Do you know those times, when you come across a sight that you know will stay with you for the rest of your life?
I had such a moment at Yarra Bend Park, at the roost site of Grey Headed Flying Foxes. If you've never seen a flying fox before then picture a red-furred puppy with wings. Needless to say, very, very cute.
Flying foxes represent the effects of altering our natural environment. They are currently classified as threatened. Due to enormous rates of deforestation in Queensland and a greater food supply in south eastern Australia, Grey Headed Flying Foxes migrated down south and found a new habitat in Melbourne's Royal Botanical Gardens.
Whilst not many people know of their existence at Yarra Bend Park, most will probably remember the controversy these animals caused. Due to the public demanding there removal, the State government coordinated a mass habitat relocation of the bats using sonar to direct them to possible habitats. The bats decided to choose Yarra Bend Park.
A comfortable visitors porch has been erected where people-in-the-know have come to eagerly await the sunset. There are also nearby cafes and restaurants and even a local indigenous nursery for those looking to kill some time before the big show. The screeching of the bats become louder as the rays of the sun start to diminish beyond the horizon. The bats will then become restless as they swing from tree to tree.
Warming up to the epic finale
I've been to this spot three times and you can never know exactly when it will happen. All you know is that it will. And you are there, waiting, watching, listening. The mosquitoes will be out in force, so now is a good time to spray insect repellent. I forgot the last time I went and returned home with an admirable eighteen mosquito bites. And as you try to feign off mosquitoes and watch as the world around you turn to silhouettes, it happens. Without warning, the thousands of fruit bats in Yarra Bend Park, in one concerted movement, rise up into the air blanketing the night sky.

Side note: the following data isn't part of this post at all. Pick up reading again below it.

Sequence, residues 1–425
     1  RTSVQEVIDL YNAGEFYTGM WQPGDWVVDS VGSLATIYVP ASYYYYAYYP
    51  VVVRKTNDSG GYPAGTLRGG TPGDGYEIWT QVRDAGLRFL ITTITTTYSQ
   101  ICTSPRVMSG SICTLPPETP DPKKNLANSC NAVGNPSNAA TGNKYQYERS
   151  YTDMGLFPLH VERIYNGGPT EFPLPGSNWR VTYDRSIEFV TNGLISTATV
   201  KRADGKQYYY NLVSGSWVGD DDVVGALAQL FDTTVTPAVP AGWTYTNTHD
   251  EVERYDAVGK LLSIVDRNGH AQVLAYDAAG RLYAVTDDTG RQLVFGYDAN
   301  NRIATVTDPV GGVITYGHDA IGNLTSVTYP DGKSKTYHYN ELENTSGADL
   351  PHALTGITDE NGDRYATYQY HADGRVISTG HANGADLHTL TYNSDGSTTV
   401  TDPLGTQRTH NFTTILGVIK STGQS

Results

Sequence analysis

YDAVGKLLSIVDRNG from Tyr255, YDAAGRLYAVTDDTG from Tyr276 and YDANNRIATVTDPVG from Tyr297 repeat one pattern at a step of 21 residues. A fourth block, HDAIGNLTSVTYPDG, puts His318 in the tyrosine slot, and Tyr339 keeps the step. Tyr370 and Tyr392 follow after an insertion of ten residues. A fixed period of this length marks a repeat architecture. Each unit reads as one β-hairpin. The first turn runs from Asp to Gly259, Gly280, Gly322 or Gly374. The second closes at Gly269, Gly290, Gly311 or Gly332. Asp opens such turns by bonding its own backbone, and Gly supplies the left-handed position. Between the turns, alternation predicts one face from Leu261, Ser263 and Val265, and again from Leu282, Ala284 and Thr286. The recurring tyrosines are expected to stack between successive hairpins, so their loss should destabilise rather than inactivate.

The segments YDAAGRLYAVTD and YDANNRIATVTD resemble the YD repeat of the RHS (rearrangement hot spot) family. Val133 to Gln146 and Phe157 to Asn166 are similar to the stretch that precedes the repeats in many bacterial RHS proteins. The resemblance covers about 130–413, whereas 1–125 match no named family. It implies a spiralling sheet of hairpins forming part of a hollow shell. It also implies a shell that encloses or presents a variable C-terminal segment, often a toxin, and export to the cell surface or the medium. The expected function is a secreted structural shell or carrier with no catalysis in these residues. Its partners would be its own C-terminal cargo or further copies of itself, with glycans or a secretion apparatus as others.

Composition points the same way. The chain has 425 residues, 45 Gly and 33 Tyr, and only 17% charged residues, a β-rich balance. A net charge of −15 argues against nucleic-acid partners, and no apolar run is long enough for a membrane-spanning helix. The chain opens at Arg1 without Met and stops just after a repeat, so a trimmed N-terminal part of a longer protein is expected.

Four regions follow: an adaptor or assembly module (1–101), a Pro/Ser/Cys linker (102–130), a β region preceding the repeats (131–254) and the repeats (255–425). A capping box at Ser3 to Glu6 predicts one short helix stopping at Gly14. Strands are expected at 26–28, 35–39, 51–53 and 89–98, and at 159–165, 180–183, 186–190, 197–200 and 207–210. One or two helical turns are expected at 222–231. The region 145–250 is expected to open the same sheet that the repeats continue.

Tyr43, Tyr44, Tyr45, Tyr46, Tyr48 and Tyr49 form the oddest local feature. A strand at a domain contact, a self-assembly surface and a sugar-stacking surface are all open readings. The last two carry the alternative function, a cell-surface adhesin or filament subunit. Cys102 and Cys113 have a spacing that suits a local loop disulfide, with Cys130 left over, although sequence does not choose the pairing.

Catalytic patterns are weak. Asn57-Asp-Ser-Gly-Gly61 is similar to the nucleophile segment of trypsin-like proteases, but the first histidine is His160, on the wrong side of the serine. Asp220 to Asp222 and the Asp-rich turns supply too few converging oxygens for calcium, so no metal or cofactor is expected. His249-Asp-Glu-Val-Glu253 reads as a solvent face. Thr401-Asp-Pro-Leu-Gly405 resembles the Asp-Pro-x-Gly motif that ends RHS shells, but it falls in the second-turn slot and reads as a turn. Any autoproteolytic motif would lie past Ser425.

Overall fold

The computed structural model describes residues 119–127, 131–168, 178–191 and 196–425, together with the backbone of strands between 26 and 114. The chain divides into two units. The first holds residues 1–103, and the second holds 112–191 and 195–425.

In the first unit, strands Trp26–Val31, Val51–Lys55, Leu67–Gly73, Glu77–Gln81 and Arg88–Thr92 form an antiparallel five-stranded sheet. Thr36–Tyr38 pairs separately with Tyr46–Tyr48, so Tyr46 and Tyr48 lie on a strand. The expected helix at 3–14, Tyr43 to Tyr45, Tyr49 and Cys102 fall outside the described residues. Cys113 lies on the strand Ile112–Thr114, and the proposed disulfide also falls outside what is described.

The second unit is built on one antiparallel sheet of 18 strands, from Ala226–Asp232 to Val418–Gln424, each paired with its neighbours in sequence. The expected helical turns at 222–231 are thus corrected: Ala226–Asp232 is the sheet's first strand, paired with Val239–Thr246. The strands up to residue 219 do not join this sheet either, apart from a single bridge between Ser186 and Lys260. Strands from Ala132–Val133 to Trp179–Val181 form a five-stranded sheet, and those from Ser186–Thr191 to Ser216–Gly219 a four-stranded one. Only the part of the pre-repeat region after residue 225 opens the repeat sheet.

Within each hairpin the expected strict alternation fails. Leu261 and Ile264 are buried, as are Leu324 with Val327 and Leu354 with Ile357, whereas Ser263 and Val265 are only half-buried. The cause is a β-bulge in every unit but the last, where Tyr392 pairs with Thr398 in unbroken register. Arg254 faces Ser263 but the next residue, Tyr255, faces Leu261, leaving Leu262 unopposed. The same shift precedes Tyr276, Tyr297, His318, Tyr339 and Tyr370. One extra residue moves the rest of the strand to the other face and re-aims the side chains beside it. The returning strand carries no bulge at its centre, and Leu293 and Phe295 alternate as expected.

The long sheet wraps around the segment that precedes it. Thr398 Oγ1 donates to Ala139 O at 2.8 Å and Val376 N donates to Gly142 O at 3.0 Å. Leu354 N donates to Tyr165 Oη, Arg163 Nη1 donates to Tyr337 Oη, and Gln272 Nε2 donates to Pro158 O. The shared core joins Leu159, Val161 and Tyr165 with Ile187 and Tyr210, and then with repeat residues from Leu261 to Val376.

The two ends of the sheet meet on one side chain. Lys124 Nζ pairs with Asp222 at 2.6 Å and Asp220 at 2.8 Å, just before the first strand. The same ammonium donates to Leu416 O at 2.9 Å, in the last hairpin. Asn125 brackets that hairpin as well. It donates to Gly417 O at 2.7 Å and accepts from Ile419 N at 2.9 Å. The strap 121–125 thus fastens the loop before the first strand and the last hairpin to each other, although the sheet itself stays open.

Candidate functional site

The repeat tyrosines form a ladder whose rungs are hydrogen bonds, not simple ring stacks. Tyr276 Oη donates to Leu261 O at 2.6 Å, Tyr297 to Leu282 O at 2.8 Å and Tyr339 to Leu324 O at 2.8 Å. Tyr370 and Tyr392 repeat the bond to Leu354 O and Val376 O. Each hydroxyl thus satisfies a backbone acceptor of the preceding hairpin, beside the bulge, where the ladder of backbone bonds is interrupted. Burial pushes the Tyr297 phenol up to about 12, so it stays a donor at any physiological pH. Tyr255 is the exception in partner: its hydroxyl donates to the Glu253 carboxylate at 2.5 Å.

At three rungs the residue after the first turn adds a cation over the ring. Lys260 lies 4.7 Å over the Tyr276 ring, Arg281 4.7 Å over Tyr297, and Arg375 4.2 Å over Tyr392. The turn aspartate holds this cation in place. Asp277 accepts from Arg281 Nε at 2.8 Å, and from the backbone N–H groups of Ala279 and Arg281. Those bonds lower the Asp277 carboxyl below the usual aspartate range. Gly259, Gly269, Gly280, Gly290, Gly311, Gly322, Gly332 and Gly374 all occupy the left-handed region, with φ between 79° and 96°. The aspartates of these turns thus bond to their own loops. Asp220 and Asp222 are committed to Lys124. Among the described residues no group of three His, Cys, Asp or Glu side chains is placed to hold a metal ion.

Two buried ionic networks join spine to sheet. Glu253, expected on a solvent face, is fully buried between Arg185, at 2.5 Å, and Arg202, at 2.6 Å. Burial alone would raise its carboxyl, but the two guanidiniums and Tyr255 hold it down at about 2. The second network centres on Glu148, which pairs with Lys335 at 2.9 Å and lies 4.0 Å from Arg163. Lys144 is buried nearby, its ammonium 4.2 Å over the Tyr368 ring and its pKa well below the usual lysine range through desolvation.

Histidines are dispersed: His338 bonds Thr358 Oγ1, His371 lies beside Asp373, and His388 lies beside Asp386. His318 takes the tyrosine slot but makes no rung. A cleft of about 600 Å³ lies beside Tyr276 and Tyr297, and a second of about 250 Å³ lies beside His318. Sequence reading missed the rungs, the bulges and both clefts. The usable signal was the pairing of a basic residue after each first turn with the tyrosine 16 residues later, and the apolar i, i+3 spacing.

The sheer magnitude of the display has not ceased to amaze me. There is something magical and surreal about seeing such a synchronised movement. Such synchronism is rare. When we do see it, like at the Olympics or some main-staged event by performers, we are in awe. But they have been trained for years to develop this synchronism, whereas these bats do it naturally and effortlessly, as if they are so connected to one another. It still remains as one of the most awe inspiring sights I have ever witnessed, and I do hope that these bats will be around for many more years for others to enjoy the spectacle.
Thanks for your article Virginia. I hope more people overcome their fear of flying foxes and appreciate them for the fact that without them we would have no forests! None. They are keystone pollinators and without them we die too.
By Anonymous Wednesday, 17th of August @ 06:06 am
I've been searching the internet for quite a while now and I'm really thankful that you summarised this experience. Now I know exactly where to go :) Thank you so much! I'm so looking forward to this!
By Anonymous Monday, 23rd of January @ 10:48 pm
Where do they go at night? Somewhere south east of the city...